A comparative study of sheathing devices to increase robustness in inductively coupled plasma optical emission spectrometry via a nitrogen flow†
Five different glass sheathing devices were used to introduce 20 mL min−1 N2 sheathing gas around the effluent from the spray chamber to see the effect of their dimensions on plasma robustness as measured using the Mg II 280.270 nm/Mg I 285.213 nm emission signal ratio in inductively coupled plasma (ICP) optical emission spectrometry (OES). A clear relationship between device dimensions and the plasma robustness profile along the ICP central channel was observed. With an aerosol inlet having an inner diameter of 1.0 cm in the sheathing device, mixing of N2 with the aerosol was minimised and the resulting sheath increased robustness, the higher thermal conductivity of N2versus Ar likely improving energy transfer between the bulk plasma and the central channel. The configuration of the outlet is also important, as any bottleneck favours mixing of N2 with the aerosol, which in turn cools the plasma, thereby shifting the region of maximum robustness to higher above the load coil. Regardless of device dimensions, plasma robustness was always better with N2 sheathing gas. An increased ion-to-atom emission signal ratio also resulted for other elements than Mg. The presence of N2 also seems to affect excitation mechanisms, such as charge transfer between NO+ and Cd or Ni, which appears to take place at higher observation height, after N2 has had enough time to diffuse into the central channel.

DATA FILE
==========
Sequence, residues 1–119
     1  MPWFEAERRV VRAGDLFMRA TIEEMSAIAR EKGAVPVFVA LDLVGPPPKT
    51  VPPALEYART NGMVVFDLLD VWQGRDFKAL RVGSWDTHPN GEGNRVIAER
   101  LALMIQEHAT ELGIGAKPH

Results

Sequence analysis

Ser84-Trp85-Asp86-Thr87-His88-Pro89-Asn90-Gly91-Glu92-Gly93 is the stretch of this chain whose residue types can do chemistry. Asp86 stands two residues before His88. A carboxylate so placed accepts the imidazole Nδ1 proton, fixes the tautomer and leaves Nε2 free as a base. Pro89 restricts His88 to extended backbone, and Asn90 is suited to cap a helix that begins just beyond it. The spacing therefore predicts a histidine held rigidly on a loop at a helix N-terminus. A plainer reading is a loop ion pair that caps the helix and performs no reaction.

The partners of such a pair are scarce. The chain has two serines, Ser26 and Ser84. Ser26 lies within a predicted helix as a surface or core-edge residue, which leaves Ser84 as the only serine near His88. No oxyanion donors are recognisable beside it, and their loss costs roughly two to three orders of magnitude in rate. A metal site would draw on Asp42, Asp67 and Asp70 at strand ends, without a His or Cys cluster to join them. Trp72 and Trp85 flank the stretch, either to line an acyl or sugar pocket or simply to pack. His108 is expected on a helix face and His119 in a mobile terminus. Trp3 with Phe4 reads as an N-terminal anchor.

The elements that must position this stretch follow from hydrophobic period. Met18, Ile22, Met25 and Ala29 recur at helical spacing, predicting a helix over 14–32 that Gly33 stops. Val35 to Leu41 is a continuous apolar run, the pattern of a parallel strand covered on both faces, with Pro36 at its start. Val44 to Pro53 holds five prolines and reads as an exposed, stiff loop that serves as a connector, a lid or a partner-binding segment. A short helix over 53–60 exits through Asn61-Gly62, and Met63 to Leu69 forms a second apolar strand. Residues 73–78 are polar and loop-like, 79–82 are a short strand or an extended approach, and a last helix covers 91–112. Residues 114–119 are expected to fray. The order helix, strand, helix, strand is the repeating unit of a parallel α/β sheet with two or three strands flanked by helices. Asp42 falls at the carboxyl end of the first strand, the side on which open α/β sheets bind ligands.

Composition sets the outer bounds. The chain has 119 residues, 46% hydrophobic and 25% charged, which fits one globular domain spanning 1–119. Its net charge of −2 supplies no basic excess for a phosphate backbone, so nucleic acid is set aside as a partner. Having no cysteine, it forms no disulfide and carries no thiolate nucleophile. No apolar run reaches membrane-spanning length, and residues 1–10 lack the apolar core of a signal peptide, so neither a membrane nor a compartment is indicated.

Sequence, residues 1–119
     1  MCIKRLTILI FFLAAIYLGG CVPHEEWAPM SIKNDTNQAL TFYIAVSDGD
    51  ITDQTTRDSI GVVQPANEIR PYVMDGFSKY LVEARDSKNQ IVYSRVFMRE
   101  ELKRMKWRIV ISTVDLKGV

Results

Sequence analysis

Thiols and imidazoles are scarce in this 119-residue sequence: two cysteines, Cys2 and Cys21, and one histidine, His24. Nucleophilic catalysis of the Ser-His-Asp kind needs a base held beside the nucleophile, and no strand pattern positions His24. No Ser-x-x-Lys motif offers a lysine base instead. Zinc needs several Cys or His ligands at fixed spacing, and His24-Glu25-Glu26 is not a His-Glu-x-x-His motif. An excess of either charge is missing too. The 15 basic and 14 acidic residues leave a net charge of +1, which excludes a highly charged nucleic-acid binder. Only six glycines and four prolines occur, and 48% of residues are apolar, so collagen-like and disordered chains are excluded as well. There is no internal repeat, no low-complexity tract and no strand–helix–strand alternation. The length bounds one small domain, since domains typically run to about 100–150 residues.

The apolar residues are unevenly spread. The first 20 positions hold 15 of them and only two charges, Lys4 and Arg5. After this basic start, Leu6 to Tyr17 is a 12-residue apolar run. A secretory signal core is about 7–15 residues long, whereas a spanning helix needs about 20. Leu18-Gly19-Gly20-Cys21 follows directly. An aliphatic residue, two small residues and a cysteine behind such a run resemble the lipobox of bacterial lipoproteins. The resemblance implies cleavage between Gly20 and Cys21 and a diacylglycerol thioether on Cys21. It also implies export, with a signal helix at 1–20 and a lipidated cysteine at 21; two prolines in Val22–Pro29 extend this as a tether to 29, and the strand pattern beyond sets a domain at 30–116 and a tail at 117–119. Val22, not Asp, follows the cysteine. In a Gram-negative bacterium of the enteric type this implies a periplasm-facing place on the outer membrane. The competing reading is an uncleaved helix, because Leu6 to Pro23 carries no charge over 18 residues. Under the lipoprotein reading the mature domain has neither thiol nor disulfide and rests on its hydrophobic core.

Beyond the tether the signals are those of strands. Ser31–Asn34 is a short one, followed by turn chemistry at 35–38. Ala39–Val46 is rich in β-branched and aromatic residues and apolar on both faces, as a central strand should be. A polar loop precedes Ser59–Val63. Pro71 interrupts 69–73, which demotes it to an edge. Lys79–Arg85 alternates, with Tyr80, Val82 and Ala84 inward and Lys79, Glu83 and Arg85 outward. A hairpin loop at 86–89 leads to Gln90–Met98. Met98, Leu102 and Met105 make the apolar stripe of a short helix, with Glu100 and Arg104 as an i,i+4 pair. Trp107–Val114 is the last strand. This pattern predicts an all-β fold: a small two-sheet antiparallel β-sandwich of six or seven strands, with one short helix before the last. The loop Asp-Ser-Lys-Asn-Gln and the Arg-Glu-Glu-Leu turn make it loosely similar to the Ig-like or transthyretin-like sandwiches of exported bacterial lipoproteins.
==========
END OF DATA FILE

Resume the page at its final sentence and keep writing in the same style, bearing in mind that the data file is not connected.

- This article is part of the themed collection: Analytical Atomic Spectrometry in South America